Install

Get the latest updates as we post them — right on your browser

. Last Updated: 07/27/2016

Joint TV-Making Project Fizzles




A program to unite the efforts of several Russian and Belarussian television and television-part manufacturers looks to be crumbling over a dispute between the partners.


Anatoly Lashkevich, the general director of the Rubin television factory in Moscow, said Tuesday that a holding company had pressured Rubin to buy poor-quality television tubes from VELT, a Voronezh-based plant that is a branch of Electronniye Tekhnologii.


Electronniye Tekhnologii has been coordinating a project called Soyuzny Televizor, or Union Television. The program was set up and funded by the Joint Assembly of the Belarus-Russian Union, a cross-parliamentary body with its own budget and bureaucracy. (See accompanying story.)


Lashkevich said: "The management of the central company Electronniye Tekhnologii is the sole authority deciding who gets money f and who does not." He accused Electronniye Tekhnologii of serving VELT's interests.


But Viktor Stepanov, the chief administrator of the union, the highest ranking executive officer of the union, said that "no commercial company is dispatching funds."


"De facto the keeper and the disburser of the budget money is the chief administrator [of the union], namely me," he said.


Stepanov confirmed that some of the 14.5 million rubles ($580,000) allocated for research at VELT had been spent on replenishing the factory's working capital.


Like many other large Russian firms, Rubin also needs working capital. Similar to VELT f whose debts reached about 47 million rubles last year f the Rubin plant was mothballed for two years until it managed to get out of its financial black hole and pay off most of its debt of 190 million rubles.


But, unlike VELT, Rubin is not a member of Electronniye Tekhnologii.


"Electronniye Tekhnologii is not funding us because we refuse to buy television tubes from their VELT," Lashkevich said. "But we cannot afford to buy low-quality tubes to compromise our brand."


Rubin earlier this year launched a range of televisions made with imported tubes that aim to compete directly with Western brands.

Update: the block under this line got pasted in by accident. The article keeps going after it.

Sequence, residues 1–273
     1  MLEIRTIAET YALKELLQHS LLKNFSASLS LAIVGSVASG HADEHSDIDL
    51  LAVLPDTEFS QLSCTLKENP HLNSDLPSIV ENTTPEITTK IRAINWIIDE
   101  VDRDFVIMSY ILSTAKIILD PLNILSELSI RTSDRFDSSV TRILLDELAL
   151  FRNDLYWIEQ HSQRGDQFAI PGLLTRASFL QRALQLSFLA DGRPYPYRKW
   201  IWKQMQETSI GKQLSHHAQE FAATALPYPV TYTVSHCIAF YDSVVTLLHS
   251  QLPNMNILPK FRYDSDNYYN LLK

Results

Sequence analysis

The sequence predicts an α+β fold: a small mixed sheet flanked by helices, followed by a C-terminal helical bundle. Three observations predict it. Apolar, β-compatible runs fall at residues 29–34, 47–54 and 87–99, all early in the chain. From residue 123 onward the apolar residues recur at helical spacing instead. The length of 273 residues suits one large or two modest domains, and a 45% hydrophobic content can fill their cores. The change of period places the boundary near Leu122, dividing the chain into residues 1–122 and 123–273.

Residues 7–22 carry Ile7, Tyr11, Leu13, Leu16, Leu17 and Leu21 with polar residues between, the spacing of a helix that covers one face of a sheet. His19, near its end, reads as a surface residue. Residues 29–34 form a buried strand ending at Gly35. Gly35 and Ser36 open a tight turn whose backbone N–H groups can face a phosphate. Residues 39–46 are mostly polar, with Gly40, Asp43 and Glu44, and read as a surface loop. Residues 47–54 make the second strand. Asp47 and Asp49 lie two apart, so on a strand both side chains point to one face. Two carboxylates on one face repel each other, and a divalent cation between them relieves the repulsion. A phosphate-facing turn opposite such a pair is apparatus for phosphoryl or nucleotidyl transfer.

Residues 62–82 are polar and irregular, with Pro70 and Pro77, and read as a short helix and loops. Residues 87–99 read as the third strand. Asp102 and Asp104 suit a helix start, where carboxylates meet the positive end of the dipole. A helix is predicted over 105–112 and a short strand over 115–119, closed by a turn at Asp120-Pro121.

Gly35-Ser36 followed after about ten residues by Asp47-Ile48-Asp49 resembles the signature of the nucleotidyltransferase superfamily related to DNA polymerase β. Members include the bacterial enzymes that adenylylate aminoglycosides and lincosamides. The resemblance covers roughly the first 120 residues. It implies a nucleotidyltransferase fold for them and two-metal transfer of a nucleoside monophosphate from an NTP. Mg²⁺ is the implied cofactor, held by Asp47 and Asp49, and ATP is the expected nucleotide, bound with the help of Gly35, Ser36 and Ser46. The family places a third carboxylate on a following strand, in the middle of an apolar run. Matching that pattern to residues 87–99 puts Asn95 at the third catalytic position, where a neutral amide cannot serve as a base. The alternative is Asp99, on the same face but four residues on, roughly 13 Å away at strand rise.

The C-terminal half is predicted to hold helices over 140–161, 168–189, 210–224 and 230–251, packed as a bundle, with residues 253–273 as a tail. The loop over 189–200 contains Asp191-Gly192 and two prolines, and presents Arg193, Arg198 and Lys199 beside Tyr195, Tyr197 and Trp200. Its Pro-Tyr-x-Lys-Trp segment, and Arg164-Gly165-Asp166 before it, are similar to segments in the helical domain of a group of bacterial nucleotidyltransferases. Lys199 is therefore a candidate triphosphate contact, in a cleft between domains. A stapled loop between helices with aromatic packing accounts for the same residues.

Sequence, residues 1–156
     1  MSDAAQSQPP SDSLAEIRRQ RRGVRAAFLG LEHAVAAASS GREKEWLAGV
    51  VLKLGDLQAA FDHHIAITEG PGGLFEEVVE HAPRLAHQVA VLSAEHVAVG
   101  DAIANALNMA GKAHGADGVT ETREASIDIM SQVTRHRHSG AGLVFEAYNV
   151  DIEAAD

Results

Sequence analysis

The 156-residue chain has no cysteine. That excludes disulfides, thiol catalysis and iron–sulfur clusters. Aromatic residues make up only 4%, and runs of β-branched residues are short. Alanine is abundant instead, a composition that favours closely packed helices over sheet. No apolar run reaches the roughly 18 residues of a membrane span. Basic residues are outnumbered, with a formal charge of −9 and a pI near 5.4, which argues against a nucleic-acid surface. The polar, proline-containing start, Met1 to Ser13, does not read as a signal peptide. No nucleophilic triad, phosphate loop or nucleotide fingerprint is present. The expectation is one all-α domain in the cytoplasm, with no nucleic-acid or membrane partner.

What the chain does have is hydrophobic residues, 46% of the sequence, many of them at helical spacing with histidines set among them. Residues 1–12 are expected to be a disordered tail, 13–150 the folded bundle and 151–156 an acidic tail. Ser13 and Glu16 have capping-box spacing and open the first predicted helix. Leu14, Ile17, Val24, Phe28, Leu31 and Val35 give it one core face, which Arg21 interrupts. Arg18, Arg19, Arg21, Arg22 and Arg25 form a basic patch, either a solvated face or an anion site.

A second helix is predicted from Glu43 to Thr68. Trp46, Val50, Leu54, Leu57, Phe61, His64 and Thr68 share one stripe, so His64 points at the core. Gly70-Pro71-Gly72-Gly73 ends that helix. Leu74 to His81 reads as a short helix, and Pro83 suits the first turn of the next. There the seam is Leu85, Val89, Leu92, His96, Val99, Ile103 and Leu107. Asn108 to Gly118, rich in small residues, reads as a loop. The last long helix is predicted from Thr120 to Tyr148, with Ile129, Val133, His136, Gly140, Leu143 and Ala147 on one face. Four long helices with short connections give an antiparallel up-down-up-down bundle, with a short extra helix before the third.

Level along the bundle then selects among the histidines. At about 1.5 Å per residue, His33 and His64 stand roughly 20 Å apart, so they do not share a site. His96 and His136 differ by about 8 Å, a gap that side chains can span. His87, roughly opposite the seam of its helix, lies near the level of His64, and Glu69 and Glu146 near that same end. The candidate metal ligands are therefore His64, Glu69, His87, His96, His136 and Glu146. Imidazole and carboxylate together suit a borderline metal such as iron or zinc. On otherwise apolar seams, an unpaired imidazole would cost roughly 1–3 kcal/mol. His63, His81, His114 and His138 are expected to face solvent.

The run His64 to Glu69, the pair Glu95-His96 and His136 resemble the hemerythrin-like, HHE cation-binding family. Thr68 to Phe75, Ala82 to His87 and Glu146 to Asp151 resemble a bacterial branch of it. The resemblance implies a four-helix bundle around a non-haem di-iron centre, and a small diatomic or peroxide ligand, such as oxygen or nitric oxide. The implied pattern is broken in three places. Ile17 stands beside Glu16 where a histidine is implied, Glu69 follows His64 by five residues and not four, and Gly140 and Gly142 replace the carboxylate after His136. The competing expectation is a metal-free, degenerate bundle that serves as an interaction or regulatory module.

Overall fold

"Actually, there are no television tubes from VELT as such," Lashkevich said. "They take tubes from Panevezis in Lithuania, fix them a little and offer them to us.


"We would like to buy Voronezh tubes, which used to be the best in Russia, but only after they reach high standards. At the moment, we would rather stick to foreign tubes."


Formerly Russia's biggest television tube producer, VELT was taken over by Philips in 1993. But instead of modernizing and boosting production, the factory stopped and Philips left it last summer, having sold its 90 percent stake for 1 ruble to the Voronezh administration, media reports said.


Stepanov read The Moscow Times a letter that had just arrived from Electronniye Tekhnologii. The letter asks the union's executive committee to throw Rubin out of the project if it does not buy television tubes from VELT.


"Rubin, while a member of the program, is de facto avoiding participating in the early stages of cooperation between Russian and Belarussian enterprises, including from using parts, such as television tubes, produced by the program members."


Stepanov seems in complete agreement with Electronniye Tekhnologii that Rubin must buy VELT's tubes.


"Why should I [otherwise] support a private company from the budget?" he said.


Electronniye Tekhnologii said in their letter that maximum financial support must be given for national producers while Rubin is buying spare parts abroad and its share in its final product does not exceed 10 percent.


But the letter did not say that the tubes from the Panevezis factory in Lithuania that VELT is offering now, instead of its own product, are almost 100 percent a Lithuanian product.


Vladimir Verbitsky, first deputy general director of Electronniye Tekhnologii, said in an interview that while Rubin refused to buy VELT tubes, Belarussian Gorizont buys and uses them.


Yury Predko, deputy general director of Gorizont, agreed in a telephone interview from Minsk that the quality of the VELT tubes was "unsatisfactory" and that the factory had had to return some reject tubes.


But, he said, "what could be acceptable for Gorizont, which is making about 30,000 televisions a month may not work for Rubin." Rubin resumed production in April and, increasing production by about 1,500 televisions a month, plans to make about 7,000 in August.